New on Blu-ray: Dante’s Inferno: An Animated Epic

New on Blu-ray: Dante’s Inferno: An Animated Epic

Dante’s Inferno is one of three acts in Dante Alighieri’s poem The Divine Comedy, but it is the more widely known and referenced. An animated version of the quest was sure to be an interesting interpretation. Limbo, lust, gluttony, greed, anger, heresy, violence, fraud and treachery – these are the nine circles of Hell in […]

Dante’s Inferno is one of three acts in Dante Alighieri’s poem The Divine Comedy, but it is the more widely known and referenced. An animated version of the quest was sure to be an interesting interpretation.

Limbo, lust, gluttony, greed, anger, heresy, violence, fraud and treachery – these are the nine circles of Hell in Alighieri’s story. The tale is Dante’s (Graham McTavish) harrowing trip through Hell as he braves the forces of evil, slaying demons and monsters to save his live Beatrice (Vanessa Branch) from the clutches of Lucifer (Steve Blum). He is guided on his journey by the Roman poet Virgil (Peter Jessop). Six directors from around the world bring their visions to the epic story: Victor Cook, Sang-Jin Kim, Seung Kyu Lee, Shuko Murase, Jong-Sik Nam and Yasuomi Umetsu.

To hear a video game with the same premise is being released around the same time as this DVD release puts the film into a context that explains the style of the narrative. There is an absolute link to the game as Dante fights smaller monsters before going to battle against what would be considered a boss (or more difficult to defeat opponent), much like the varying stages of a video game quest. In addition, it is these action sequences that comprise most of the movie.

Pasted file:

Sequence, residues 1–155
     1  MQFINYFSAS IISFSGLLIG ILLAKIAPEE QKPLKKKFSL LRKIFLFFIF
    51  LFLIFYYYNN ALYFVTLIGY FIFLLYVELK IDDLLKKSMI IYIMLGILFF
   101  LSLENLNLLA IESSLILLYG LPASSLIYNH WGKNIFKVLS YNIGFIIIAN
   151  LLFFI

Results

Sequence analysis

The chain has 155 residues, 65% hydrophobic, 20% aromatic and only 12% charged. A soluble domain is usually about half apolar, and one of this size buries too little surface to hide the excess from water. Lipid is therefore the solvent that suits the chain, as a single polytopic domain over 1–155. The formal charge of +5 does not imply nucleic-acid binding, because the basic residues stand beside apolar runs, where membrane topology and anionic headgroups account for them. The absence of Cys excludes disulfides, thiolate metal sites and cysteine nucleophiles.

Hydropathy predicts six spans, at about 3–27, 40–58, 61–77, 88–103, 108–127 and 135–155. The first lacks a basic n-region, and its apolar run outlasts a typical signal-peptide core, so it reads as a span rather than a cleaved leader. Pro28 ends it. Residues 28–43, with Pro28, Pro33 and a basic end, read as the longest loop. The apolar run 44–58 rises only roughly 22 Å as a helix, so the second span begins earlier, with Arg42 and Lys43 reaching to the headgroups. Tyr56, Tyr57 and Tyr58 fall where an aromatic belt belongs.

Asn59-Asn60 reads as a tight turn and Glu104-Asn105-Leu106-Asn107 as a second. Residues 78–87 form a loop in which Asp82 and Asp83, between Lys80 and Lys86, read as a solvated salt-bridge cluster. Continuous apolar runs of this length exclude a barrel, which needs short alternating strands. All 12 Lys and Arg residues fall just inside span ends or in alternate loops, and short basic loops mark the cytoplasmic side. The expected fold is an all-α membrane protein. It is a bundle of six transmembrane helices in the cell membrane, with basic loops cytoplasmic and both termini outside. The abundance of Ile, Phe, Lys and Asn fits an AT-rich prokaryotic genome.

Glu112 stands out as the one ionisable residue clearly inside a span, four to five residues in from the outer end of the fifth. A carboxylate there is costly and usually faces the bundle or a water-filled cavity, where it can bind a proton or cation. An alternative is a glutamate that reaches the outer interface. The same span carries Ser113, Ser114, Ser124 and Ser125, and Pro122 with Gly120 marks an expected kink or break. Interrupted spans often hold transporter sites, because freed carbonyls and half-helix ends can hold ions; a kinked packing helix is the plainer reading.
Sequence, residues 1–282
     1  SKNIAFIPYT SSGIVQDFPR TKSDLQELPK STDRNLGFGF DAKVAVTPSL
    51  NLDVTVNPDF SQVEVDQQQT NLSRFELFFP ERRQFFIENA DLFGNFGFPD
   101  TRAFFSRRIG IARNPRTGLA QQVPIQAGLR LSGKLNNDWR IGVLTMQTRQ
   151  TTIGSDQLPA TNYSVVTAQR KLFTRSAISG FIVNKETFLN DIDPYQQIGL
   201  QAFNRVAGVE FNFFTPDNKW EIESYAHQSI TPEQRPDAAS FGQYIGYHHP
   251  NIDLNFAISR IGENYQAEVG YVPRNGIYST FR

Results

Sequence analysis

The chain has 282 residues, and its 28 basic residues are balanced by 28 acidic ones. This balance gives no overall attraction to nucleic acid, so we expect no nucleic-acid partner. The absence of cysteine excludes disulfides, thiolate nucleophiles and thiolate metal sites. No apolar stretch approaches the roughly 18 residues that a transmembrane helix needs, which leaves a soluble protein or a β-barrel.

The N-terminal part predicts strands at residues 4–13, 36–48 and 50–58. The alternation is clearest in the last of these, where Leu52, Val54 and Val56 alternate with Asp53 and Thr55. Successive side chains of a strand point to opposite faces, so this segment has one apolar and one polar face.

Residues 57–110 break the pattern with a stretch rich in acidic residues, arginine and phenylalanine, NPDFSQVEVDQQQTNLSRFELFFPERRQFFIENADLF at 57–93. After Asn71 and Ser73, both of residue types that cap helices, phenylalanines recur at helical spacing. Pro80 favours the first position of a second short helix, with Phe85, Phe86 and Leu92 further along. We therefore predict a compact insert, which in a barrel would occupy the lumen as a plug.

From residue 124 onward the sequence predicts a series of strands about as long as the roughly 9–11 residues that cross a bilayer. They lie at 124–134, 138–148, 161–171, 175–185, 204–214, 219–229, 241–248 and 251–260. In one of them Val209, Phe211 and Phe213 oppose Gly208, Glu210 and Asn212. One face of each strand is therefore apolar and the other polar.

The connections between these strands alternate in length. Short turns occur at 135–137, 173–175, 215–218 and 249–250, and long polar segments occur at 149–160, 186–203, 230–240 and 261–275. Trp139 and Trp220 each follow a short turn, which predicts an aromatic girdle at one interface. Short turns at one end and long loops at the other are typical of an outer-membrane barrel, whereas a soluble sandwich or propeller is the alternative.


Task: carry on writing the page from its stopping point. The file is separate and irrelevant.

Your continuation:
As the animators change, so does Dante’s appearance, which can be somewhat disconcerting and briefly takes you out of the story. With each new chapter, Dante’s and Virgil’s appearances alter – in the early sections, the changes are minimal; however, as the story nears the end, Dante’s look becomes increasingly different from the early renderings. The extensive modifications are quite distracting from the story. Personally, I prefer the earlier versions.

Special features include: animatics and the EA game trailer.